How to use なん?

I usually just rip pieces off with my hands and dip it in my curry. How about you?

No! Wait, I actually have a real question. Does anyone know much about the - what seems to me to be fairly random - insertion of なん in spoken Japanese?

I’m not talking about real questions, I mean things like: 「面白いなんだけどさ。。。」

Does it mean anything specific? Is it just a kind of hesitation device, like なんか (which I never learned but suddenly started using all the time)? I sometimes can kind of feel it on the tip of my tongue when I’m speaking, but since I don’t really understand what use it has, I always stop myself from using it.

I think なん is short for なの. I don’t have an answer for what it means or how to use it, but maybe that will help you find the answer.

Yeah, in that example, it’s just a verbal bridge. い adjectives don’t take だ so you need something in there to link it to that second portion, which is really only there to fill space too.

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の can also be used as an “explanatory” particle, often used when seeking more info or providing an explanation to someone. It’s written as なの after a noun or na-adjective and shortened to なん when followed by things like だ or です. Adding it to a sentence can mean the difference between a statement of fact and a statement containing some amount of emotion/inquiry/etc.

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Do you use it yourself? I’ve found a few things (なんか、さ and まあ in particular) that I would start by noticing a lot in others’ speech, get curious about, find no satisfactory explanation and then, somehow, notice I’d started using them myself. I just can’t get the same feel for this though - I hear it all the time, but, I don’t know, I always feel like it’s unnatural when I say it.

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Can’t say I have, no.

さ is something that I can’t imagine using, maybe because it’s the kind of thing that teenage girls tack onto the end of every sentence you can hear on the train.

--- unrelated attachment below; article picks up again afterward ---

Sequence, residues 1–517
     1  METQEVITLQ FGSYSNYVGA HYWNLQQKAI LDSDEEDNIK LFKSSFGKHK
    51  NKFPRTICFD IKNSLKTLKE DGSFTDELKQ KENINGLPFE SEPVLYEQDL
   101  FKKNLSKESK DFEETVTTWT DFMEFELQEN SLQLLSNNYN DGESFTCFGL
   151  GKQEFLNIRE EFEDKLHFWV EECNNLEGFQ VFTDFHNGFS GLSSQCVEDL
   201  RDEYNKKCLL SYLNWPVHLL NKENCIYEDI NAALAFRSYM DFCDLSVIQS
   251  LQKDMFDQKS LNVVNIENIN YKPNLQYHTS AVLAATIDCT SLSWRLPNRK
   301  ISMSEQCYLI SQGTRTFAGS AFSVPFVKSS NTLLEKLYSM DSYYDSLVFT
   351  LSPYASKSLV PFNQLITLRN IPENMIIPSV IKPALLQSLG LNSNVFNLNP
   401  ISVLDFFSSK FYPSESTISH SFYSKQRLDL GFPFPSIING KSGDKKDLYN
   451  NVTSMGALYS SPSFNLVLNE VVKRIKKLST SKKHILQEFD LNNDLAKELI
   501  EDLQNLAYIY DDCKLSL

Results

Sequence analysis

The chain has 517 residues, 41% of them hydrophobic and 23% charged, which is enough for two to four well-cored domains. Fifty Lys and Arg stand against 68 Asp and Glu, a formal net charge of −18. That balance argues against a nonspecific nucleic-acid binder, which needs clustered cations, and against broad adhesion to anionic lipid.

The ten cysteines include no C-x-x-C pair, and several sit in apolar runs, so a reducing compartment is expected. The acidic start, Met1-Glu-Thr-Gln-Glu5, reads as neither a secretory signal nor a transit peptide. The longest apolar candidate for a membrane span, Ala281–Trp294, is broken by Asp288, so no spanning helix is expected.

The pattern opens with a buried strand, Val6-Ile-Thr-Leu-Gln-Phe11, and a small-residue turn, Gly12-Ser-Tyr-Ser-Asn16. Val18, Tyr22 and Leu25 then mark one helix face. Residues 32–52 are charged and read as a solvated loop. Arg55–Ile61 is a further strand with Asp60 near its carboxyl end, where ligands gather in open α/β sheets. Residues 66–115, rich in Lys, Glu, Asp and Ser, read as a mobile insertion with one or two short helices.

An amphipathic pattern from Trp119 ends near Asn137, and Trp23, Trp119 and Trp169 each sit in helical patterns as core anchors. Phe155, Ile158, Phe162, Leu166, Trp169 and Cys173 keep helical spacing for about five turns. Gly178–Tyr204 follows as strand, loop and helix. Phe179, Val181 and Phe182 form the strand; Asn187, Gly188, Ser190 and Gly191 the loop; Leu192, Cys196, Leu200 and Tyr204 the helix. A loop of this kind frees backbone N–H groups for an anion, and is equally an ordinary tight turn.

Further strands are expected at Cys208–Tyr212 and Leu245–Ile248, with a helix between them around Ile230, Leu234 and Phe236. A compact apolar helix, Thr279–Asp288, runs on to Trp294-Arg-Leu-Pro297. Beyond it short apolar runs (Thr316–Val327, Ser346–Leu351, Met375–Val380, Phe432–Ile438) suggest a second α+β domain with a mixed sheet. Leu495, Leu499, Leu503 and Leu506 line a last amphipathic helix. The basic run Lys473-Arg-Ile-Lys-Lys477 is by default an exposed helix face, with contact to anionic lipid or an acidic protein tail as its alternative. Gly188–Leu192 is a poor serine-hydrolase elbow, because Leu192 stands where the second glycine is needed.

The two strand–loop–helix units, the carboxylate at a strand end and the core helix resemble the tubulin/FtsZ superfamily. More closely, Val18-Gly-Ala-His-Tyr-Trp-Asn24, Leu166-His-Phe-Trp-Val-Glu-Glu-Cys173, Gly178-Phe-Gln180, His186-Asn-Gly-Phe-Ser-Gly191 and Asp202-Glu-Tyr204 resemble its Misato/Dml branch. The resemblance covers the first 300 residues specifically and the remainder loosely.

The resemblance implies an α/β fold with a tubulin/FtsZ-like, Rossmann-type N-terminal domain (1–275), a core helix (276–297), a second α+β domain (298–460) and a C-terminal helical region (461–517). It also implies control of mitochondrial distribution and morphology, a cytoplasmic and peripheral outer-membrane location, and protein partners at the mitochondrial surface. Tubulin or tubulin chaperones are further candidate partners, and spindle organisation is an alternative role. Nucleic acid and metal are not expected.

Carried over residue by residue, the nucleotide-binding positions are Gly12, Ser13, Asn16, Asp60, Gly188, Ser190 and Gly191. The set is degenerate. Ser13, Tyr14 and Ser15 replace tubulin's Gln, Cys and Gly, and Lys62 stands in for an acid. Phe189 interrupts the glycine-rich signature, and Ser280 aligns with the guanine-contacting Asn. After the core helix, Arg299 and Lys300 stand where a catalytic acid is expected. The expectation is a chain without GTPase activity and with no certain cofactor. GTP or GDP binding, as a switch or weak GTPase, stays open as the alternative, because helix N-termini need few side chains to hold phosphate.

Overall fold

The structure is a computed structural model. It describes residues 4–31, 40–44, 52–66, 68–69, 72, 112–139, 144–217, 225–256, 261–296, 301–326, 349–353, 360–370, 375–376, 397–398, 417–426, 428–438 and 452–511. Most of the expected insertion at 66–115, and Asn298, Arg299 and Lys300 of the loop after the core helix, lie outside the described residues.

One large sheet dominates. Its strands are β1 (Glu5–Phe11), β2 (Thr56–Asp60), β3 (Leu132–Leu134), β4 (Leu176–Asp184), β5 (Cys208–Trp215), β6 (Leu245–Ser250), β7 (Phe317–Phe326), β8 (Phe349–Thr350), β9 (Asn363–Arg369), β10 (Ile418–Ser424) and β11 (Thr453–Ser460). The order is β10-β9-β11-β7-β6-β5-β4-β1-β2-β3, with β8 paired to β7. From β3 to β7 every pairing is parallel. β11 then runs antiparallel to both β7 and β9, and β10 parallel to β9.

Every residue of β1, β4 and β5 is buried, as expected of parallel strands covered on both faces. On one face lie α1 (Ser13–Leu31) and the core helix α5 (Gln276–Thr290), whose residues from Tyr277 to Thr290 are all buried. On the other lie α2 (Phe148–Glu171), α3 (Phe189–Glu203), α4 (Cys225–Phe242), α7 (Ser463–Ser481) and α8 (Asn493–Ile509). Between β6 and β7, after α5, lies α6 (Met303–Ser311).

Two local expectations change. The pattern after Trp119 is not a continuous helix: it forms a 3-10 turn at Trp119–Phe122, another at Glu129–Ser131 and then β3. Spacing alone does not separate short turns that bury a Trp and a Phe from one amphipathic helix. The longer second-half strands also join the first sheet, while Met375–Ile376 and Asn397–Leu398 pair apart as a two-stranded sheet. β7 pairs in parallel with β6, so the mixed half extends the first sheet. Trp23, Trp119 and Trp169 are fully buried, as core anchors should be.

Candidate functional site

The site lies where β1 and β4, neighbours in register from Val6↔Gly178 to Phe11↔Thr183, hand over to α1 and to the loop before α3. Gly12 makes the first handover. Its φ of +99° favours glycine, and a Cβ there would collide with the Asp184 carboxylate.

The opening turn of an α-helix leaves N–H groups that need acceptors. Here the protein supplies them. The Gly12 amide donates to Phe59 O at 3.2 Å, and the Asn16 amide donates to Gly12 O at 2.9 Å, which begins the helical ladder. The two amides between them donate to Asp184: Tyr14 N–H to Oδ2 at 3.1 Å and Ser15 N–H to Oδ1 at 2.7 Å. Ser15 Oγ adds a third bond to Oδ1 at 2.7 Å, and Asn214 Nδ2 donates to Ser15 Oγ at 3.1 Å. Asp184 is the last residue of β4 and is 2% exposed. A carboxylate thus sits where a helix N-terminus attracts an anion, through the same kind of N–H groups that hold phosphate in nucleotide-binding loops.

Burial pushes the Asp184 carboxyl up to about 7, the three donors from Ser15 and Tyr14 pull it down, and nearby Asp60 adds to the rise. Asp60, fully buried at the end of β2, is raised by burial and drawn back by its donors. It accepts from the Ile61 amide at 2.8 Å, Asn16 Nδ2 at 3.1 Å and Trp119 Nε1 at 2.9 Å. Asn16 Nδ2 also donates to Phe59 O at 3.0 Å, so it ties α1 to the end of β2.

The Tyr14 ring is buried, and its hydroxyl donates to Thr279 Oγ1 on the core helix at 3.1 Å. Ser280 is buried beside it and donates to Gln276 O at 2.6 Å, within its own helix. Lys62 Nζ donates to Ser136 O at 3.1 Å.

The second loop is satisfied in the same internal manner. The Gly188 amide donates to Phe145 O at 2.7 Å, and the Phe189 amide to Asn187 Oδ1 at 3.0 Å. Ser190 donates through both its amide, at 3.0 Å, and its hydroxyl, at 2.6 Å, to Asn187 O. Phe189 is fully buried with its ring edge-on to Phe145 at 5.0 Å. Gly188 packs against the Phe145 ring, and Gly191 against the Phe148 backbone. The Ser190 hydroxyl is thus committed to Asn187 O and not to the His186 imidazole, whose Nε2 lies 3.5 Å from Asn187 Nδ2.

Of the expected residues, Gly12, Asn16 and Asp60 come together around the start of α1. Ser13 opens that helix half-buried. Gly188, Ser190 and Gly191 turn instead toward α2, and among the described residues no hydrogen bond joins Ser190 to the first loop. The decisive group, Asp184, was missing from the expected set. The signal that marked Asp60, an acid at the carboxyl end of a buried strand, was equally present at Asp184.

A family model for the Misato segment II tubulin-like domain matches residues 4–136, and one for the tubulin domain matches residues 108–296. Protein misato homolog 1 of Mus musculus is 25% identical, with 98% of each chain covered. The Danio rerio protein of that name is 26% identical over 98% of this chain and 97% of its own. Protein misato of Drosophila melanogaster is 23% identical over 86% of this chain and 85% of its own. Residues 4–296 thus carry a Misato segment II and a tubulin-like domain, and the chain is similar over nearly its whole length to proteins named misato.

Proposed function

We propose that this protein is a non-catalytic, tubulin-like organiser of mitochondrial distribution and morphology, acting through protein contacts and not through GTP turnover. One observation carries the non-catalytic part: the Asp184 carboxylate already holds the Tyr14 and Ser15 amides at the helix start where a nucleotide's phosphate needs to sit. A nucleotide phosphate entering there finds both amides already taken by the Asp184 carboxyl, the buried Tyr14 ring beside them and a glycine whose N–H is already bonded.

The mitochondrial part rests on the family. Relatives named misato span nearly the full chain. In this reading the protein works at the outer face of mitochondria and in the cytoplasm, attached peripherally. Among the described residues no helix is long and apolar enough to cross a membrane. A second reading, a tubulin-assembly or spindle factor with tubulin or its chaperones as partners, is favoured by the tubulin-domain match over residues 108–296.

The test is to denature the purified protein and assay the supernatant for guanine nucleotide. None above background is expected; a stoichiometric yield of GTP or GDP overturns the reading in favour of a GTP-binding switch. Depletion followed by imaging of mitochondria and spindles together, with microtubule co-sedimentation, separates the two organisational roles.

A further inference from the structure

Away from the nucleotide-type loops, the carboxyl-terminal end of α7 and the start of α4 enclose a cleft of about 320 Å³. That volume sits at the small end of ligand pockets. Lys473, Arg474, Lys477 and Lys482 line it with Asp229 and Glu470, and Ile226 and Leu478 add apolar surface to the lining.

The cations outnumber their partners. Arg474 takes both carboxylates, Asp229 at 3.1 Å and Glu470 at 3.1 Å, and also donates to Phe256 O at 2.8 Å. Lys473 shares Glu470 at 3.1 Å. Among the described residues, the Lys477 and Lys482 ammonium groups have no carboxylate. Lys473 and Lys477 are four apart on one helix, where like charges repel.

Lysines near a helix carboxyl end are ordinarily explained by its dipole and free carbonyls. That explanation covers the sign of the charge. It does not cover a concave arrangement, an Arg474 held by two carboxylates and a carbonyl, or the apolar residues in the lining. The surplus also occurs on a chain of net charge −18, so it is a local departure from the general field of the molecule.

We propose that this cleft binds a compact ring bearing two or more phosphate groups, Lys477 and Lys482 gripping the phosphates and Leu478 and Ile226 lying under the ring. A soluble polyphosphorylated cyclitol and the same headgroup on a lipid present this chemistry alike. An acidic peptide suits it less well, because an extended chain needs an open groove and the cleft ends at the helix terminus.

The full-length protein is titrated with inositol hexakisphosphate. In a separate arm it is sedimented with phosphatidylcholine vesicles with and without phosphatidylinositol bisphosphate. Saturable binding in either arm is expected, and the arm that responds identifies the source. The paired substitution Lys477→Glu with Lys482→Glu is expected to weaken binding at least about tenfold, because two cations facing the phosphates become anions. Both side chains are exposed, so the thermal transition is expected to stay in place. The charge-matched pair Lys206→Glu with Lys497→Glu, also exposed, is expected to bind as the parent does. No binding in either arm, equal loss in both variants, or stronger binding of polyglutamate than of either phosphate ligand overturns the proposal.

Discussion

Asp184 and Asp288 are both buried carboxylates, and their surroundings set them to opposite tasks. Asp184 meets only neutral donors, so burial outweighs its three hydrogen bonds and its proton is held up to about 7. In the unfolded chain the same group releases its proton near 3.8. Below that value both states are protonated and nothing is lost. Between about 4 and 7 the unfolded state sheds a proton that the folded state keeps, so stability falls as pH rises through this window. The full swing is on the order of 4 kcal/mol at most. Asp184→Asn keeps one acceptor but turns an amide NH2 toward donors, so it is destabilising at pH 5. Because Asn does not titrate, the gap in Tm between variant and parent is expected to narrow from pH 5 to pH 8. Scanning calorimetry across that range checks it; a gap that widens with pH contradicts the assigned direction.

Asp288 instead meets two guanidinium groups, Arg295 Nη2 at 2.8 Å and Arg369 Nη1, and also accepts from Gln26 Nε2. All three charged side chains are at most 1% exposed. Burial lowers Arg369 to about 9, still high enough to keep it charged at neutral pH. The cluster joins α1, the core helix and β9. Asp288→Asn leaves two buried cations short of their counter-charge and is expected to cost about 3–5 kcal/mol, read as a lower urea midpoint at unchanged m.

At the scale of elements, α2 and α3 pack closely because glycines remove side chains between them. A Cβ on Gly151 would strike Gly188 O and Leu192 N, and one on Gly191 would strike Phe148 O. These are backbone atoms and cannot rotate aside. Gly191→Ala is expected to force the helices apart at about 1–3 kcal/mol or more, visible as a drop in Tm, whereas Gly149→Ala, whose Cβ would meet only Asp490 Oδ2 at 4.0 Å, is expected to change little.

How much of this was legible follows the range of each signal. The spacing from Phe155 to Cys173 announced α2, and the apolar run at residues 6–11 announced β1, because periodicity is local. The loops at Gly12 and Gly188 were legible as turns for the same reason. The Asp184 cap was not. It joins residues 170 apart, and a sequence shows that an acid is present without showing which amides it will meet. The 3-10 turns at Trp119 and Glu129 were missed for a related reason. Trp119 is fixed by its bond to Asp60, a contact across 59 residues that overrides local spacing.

Like how Americans might fill their gaps with “ya know” or “like”. I’m not sure I want to add that kind of stuff to my speech.

I believe they are rhetorical.

So when you say なんか for example it fills the gap. You are not literally asking someone “what is the word i’m thinking of” but rather thinking/talking to yourself. In English you might hear someone talking and then say something like “oh what’s the word…” but that is different to literally asking someone “what is the word I would use to describe XYZ”. I use えーとquite a lot because using Japanese fillers keeps my brain in “Japanese mode”.

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You’re in Kobe, right? I heard it’s more prevalent in the east. In Tokyo / Kanagawa, I hear it all the time. Teenage girls, yeah, but also guys, older people. I think I picked up off my conversation partner. Not the type of thing you say consciously - just kind of comes out. I think “like” is the closest in English - you know it’s not ‘proper’ but…you, like, just say it anyway?

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Ah, maybe that explains why I only associate it with young people. Yeah, I really don’t hear it much from other age groups.

I think なんか is similar to えーと, no? I hear a lot of people use it at the start of sentences - even when they clearly know what they’re going to say - almost like a clearing of the throat to say: I’m about to speak now.

Interesting point about “Japanese mode”, though. I think it’s good to try and do this - remove English hesitation etc when speaking Japanese. I still find myself saying right / yeah when listening sometimes, but I try and cut it out as much as possible.

なんか has a few meanings.

It can literally just be “something”, filler, coming before stuff like you mentioned. Or it can come after a word to kind of lower the status of that, give it a general negative vibe.

Someone like me is okay?

That is quite an interesting point too! I think part of using these words (even when you already know what you are going to say) comes from politeness. You don’t want to sound overly confident as it may come across as ‘rude or impolite’ so speakers may sometimes throw fillers in at the start to soften their conversations. I’m not sure if this has the same effect when used in the middle of a sentence but I think it is really cute when people say あのう!

Chanel your inner nihonjin~

That’s another thing I’ve not quite got a handle on (the negative vibe part). I’ve read it in textbooks but haven’t been able to differentiate it in other people’s speech or use it myself.

I wonder if there’s a difference in intonation between the two uses. Like わたし [break] なんか [break] ~~ seems like hesitation and a linked なんかいい gives it the negative feeling.

I don’t think 面白いなんだ is correct,
I think they say 面白いんだ with i-adjs.
An example with a na-adj / noun would be 嫌いなんだ

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